Sensory learning is a growing trend in early education. For a few years now, “sensory” has a been buzzword that many educators have employed. We talk about sensory input, sensory needs, and sensory play. But why is sensory learning an important pursuit? Why do we especially focus on this learning opportunity in a child’s early years?
Sensory learning encompasses a wide variety of experiences and opportunities. It can be as simple as a container of rice, beans, or water. Additionally, it also includes access to musical instruments or modeling clay. But in every case, it engages all of the child’s senses and gives feedback which shapes a child’s understanding of their world. Here are some key reasons we emphasize sensory input for our toddlers.
Sensory Learning is Accessible to Everyone
One vital aspect of sensory learning is its accessibility. Regardless of age, gender, ability, or learning style, every child can participate in the sandbox or the water table. This type of sensory learning is an equalizer, while still allowing for a wide variety of opinions, perspectives, and methods of play. Socially, sensory learning is an opportunity for children with different interests and play styles to encounter and learn from one another.
Sensory Learning Teaches Self-Regulation
Long before the current wave of interest, sensory play was a tool frequently used in the special needs community. The feelings of pressure inside a hammock or of rice slipping between fingers were calming to children who struggled with anxiety and poor impulse control. We’ve since discovered that all children can benefit from these calming activities.
Toddlerhood can be a tumultuous time, full of new adventures and big feelings. As children learn through their many senses, they also learn what makes them feel peaceful and less anxious. Over time, they begin to choose those activities when they feel out of control or need help calming down. Through experiencing the benefits of sensory learning, small children can develop the tools they need to deal with larger stressors as they come.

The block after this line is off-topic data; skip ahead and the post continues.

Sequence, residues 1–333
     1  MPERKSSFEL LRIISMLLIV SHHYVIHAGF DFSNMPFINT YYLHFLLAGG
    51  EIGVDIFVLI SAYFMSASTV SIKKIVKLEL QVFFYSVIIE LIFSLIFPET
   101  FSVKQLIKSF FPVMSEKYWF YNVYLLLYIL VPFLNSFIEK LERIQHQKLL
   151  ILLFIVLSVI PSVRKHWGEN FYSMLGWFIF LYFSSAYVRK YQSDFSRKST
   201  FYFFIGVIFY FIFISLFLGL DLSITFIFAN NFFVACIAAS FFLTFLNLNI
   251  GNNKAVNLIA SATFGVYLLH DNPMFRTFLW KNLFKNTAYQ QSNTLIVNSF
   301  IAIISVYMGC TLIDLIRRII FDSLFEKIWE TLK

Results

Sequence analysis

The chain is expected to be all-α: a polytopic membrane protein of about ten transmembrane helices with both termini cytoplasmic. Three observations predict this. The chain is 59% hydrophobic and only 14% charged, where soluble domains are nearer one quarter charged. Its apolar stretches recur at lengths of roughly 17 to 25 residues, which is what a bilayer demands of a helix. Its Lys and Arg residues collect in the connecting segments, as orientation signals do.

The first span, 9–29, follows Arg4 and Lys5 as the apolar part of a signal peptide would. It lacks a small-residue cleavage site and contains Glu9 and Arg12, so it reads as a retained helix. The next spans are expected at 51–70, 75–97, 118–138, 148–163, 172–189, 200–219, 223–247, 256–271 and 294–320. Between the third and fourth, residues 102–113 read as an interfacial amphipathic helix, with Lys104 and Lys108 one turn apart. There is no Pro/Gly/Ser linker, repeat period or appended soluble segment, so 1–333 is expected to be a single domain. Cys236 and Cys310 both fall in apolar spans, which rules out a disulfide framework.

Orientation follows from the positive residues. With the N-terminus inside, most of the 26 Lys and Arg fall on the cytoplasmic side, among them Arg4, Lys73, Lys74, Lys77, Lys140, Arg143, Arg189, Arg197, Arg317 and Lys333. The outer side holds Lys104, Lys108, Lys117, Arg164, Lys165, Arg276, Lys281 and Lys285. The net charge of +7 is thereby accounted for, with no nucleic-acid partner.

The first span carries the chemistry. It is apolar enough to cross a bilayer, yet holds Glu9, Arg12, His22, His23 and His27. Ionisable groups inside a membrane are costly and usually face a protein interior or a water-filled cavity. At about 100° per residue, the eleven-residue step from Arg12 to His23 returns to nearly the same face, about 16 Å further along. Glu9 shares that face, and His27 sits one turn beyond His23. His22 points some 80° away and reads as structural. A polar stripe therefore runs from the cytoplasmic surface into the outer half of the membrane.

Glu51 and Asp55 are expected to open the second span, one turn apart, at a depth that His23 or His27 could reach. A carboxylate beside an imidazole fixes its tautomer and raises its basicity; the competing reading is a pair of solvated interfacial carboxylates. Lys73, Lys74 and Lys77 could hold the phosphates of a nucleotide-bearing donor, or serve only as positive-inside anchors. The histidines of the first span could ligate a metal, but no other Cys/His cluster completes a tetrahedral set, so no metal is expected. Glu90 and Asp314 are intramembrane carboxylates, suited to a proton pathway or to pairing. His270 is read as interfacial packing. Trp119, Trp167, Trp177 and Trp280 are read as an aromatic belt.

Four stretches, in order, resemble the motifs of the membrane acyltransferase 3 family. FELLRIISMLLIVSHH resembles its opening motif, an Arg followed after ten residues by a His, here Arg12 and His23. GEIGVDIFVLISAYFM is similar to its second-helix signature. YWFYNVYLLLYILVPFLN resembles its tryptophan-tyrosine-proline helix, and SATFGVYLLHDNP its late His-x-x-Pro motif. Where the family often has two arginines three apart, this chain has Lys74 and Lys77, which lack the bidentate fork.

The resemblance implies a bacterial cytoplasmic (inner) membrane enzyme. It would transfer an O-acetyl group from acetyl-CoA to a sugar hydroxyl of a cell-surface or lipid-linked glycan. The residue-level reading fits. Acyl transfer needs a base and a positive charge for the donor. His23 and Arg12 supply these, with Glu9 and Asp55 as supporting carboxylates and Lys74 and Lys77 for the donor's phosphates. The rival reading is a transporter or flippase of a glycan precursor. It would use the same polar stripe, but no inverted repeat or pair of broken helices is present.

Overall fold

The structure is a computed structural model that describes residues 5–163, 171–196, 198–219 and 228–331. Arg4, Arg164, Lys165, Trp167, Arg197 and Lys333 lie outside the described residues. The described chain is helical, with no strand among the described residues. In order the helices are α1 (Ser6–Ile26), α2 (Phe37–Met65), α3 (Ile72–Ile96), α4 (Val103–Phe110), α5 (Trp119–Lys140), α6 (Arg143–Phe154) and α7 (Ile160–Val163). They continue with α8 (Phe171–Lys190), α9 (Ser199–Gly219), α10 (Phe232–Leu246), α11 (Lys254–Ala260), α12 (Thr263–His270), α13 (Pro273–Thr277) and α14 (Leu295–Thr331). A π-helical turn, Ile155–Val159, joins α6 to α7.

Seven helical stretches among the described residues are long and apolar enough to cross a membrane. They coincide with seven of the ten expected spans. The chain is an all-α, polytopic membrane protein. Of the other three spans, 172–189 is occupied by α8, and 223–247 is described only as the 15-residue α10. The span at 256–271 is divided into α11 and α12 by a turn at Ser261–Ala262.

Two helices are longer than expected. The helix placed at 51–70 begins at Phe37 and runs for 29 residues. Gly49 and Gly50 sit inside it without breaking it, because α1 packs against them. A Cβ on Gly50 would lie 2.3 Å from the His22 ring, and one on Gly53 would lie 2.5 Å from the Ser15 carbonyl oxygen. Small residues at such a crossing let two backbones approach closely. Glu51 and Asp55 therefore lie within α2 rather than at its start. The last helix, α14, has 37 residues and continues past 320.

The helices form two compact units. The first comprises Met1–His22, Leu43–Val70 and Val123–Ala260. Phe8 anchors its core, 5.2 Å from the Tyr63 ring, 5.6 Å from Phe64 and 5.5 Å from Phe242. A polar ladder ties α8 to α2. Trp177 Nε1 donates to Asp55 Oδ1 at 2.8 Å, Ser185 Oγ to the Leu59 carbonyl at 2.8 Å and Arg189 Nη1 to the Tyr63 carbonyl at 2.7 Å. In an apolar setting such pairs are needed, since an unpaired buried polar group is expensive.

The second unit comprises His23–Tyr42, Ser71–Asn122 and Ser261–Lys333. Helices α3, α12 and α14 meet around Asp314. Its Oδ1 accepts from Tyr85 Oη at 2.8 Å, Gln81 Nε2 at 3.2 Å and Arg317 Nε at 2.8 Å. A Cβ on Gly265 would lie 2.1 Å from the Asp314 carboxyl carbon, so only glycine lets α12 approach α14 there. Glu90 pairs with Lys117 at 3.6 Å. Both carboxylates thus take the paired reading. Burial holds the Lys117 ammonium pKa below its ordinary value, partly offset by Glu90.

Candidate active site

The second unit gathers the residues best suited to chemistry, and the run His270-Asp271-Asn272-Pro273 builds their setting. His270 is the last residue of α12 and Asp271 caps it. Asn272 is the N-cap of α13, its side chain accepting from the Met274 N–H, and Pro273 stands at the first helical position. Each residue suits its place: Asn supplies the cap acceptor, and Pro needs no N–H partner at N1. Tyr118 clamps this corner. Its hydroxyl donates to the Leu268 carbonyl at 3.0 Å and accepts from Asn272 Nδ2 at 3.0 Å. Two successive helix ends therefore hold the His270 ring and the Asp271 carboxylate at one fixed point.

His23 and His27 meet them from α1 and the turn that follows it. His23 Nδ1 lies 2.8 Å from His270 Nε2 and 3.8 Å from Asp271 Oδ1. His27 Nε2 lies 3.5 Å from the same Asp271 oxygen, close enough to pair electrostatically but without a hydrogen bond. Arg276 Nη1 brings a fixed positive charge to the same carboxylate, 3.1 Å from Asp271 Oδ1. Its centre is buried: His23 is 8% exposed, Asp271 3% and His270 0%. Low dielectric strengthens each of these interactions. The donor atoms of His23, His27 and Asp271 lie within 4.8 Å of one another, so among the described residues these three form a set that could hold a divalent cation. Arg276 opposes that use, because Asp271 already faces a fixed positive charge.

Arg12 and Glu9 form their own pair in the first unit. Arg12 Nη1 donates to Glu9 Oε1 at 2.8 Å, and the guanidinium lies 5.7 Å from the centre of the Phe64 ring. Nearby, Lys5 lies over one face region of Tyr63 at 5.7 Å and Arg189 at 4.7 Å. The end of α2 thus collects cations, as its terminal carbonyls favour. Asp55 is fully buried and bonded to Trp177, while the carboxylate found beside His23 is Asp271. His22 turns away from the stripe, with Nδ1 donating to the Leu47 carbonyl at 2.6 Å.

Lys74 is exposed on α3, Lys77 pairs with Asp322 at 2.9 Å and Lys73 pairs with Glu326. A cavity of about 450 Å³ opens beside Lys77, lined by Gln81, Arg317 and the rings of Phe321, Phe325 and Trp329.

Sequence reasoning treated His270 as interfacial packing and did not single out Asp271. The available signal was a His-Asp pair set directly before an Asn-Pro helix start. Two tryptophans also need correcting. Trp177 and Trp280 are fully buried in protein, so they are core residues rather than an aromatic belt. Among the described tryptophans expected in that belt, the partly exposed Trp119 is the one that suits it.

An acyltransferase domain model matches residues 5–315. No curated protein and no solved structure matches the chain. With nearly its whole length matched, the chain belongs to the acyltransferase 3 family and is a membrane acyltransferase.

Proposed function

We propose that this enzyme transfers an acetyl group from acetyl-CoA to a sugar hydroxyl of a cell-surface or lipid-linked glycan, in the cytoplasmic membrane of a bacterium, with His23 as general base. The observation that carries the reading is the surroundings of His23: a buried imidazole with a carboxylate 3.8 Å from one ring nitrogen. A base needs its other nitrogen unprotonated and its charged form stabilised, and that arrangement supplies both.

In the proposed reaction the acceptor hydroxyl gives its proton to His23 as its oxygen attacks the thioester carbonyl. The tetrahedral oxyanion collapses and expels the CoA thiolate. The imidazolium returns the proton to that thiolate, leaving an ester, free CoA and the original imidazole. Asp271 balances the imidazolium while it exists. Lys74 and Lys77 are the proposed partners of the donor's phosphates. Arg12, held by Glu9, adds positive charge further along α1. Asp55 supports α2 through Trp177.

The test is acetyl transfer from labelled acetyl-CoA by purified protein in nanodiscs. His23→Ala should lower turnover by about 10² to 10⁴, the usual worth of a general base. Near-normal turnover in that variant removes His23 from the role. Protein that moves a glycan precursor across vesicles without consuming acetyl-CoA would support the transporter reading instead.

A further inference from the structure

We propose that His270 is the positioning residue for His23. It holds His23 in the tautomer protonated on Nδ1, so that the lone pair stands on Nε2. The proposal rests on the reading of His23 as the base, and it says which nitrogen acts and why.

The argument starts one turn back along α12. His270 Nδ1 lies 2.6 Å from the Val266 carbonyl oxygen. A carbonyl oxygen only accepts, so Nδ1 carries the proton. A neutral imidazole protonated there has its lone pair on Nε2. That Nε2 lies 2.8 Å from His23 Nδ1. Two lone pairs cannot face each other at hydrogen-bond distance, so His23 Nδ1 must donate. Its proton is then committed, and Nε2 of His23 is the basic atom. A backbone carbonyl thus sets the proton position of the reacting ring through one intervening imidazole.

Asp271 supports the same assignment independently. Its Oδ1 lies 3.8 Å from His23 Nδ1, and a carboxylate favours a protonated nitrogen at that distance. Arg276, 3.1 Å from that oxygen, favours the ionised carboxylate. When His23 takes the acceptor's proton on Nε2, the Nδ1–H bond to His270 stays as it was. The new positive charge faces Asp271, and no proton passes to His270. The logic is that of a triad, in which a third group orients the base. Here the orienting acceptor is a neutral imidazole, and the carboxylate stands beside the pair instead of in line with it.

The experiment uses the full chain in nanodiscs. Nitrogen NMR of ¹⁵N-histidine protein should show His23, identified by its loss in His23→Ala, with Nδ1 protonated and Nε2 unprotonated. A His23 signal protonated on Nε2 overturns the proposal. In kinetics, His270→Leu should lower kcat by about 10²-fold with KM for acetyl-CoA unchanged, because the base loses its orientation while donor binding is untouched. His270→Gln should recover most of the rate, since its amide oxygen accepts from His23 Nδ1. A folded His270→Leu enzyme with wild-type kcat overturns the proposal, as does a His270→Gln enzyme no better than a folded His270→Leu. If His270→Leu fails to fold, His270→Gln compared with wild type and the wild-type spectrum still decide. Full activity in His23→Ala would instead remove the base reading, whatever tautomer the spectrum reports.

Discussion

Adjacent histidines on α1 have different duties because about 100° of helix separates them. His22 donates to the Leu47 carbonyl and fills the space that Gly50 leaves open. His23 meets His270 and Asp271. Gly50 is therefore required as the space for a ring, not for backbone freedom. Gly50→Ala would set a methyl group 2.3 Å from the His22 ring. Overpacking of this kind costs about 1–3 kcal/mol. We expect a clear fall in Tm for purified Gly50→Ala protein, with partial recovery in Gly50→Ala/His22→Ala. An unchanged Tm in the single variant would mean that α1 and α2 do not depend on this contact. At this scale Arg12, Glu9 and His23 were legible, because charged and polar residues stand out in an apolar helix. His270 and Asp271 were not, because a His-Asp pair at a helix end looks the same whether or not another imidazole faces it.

Sensory Learning Makes Connections
Recent brain research shows that in the first few years of life, more than 1 million new neural connections are formed every second. That is an astounding rate of brain growth. Sensory learning and other child-guided activities allow toddlers access to a wide variety of input at once. For example, putting together the sound, feel, taste, and the sight of playing with ice and water gives the child’s brain a vast amount of information to connect and learn.
Sensory Learning Improves Motor Skills
Before it’s time to tie shoes or hold a pencil, a child’s body is already working to strengthen all the muscles required to be successful. Toddlers are at a prime age to work on these skills, and sensory play gives them the opportunity to practice in a low-stress and self-directed setting. Scooping, rolling, dropping, pinching, and squishing various materials feels like great fun to a toddler. At the same time, it provides the exact exercise their little muscles need.
Sensory Learning Supports Every Other Type of Learning
The senses are a gateway to every other sort of learning a small child needs. Ultimately, sensory learning is a scientific process. Toddlers collect data, synthesize it, and draw conclusions. Through this process, they develop abstract thinking, explore cause and effect, and learn to answer their own questions.
Sensory learning encourages a strong sense of self. It provides exposure to rich language and encourages vocabulary growth. It includes movement and creative expression. From all that science has shown us about the brains of young children, it is clear that an early childhood education that does not include this type of learning is incomplete.